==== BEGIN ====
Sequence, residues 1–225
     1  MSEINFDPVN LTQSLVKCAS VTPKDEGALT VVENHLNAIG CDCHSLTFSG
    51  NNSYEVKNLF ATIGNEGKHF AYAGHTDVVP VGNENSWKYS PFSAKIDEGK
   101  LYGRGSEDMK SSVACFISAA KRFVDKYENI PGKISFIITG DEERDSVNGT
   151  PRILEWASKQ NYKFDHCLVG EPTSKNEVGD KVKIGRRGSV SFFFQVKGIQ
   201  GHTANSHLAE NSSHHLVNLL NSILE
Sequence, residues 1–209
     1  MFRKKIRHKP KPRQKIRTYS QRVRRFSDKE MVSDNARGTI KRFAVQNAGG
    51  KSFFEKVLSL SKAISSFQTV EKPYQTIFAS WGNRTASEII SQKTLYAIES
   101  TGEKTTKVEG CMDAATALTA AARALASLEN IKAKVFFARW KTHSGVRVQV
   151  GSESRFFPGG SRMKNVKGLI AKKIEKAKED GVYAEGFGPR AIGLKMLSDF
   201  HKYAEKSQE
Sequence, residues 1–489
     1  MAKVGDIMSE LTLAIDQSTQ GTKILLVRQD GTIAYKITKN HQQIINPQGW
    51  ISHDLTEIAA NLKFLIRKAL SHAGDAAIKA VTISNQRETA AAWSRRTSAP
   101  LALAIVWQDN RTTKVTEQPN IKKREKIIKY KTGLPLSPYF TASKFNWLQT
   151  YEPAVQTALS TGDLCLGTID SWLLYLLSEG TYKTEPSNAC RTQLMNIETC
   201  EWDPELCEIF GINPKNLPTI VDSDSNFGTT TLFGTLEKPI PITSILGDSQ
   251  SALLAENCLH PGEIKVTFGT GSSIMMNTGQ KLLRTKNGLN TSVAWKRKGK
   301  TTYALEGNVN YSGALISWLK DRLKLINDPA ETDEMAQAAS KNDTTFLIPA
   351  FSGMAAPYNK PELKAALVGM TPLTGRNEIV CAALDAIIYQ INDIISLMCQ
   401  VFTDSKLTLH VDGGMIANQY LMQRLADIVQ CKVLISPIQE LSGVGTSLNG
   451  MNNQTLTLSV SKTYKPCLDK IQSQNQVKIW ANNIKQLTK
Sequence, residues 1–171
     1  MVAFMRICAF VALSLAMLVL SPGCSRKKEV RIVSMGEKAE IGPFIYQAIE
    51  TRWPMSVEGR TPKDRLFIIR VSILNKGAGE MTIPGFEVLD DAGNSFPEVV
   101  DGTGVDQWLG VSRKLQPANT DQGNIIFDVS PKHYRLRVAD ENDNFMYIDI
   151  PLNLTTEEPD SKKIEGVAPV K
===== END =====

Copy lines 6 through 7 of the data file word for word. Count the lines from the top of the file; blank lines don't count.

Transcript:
   201  GHTANSHLAE NSSHHLVNLL NSILE
Sequence, residues 1–209